By Brandon Elrod
(ALPHARETTA, Ga.)—For more than 50 years, Southern Baptists have been providing disaster relief to the United States and its territories after the gravest of tragedies. Whether it is major natural disasters that affect millions or localized events that hit small communities, Southern Baptist Disaster Relief (SBDR) volunteers regularly arrive to bring help, healing and hope to those impacted.
On Sunday, November 11, Southern Baptists will celebrate Disaster Relief Appreciation Sunday, an opportunity to recognize and thank SBDR leaders and volunteers.
“I want to give a special ‘thank you’ to all of those who make Southern Baptist Disaster Relief possible,” said Kevin Ezell, president of the North American Mission Board (NAMB). “To all of our volunteers who give their time so generously and sacrificially, you are amazing people, and we cannot thank you enough.”
A Southern Baptist Disaster Relief team from Georgia provides tear-out for a homeowner after the house suffered flooding as a result of Hurricane Florence. NAMB photo by Laura Sykes.
So far in 2018, SBDR volunteers have prepared 2.1 million meals across the nation. Volunteers have completed more than 1,500 flood-clean up jobs, more than 1,250 tear-out jobs and provided more than 3,650 chainsaw jobs. In total, more than 6,200 homeowners have been helped, and volunteers have recorded nearly 90,000 days of service.
As they provide physical relief, volunteers also engage in providing emotional and spiritual support. SBDR reported seeing 540 professions of faith as they shared the gospel.
Southern Baptist Disaster Relief volunteers often prepare for and debrief from a long day’s work by sharing devotions with one another. The spiritual focus remains the center of their volunteer work as they bring help, healing and hope following disaster. NAMB photo by Laura Sykes.
Southern Baptists respond to disasters both big and small because numerous churches, associations and state conventions work together to make it happen. During national events, like Hurricanes Florence and Michael, NAMB helps coordinate a multi-state response and work with national partners such as American Red Cross, the Salvation Army and FEMA.
“Southern Baptist Disaster Relief would not happen without the churches, associations and state conventions investing in the task,” Ezell said. “We are honored to get to partner with and support the grassroots efforts of our fellow Southern Baptists.”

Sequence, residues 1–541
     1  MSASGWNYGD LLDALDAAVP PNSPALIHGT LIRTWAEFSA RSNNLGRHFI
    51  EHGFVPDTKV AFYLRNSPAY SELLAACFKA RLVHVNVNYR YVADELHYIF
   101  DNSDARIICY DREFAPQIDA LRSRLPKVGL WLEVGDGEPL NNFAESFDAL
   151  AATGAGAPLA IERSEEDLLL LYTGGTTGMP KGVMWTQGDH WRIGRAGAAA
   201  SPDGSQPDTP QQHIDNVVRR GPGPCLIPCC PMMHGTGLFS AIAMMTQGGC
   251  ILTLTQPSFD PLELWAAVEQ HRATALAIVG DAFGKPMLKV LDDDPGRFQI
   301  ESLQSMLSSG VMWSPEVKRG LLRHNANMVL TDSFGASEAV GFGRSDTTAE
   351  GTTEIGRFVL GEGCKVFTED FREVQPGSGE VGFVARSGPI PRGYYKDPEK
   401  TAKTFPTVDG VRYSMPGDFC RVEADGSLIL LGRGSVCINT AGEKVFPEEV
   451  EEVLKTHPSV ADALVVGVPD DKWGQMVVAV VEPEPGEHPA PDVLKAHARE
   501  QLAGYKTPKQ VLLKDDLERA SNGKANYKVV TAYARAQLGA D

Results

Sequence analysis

Following the historic hurricane season in 2017, President Trump formally recognized SBDR at the White House as one of the “big three” volunteer organizations in disaster relief.
After Hurricanes Florence and Michael this year, SBDR sites have been visited by the President, the Vice President, state governors and members of Congress. Decades of dedicated service from Southern Baptists have culminated in the national recognition of the work provided by thousands of volunteers.
Vice President Mike Pence and former Florida governor Rick Scott spend time with and thank Southern Baptist Disaster Relief volunteers and survivors at Hiland Park Baptist Church in Panama City, Fla., following Hurricane Michael. NAMB photo by Sara Brockmann.
“For years, Southern Baptists have been working in the trenches, never asking for thanks,” said Sam Porter, the national director of disaster relief at NAMB. “After serving in disaster relief for more than 20 years, I’m extremely grateful to see our story told. It is a testimony to the heart and determination of Southern Baptists around the nation, those who give and those who go.”
In the week leading up to Disaster Relief Appreciation Sunday on November 11, NAMB shared stories and photos on social media of a few volunteers who have served in responses this year. Their stories can be found at facebook.com/NAMB.SBC.
Responses to Hurricanes Florence and Michael are ongoing. To learn more, donate to or find ways to volunteer with SBDR, click here.
A ‘thank you’ video from NAMB president Kevin Ezell can be viewed and downloaded here.
Brandon Elrod writes for the North American Mission Board.
Published November 7, 2018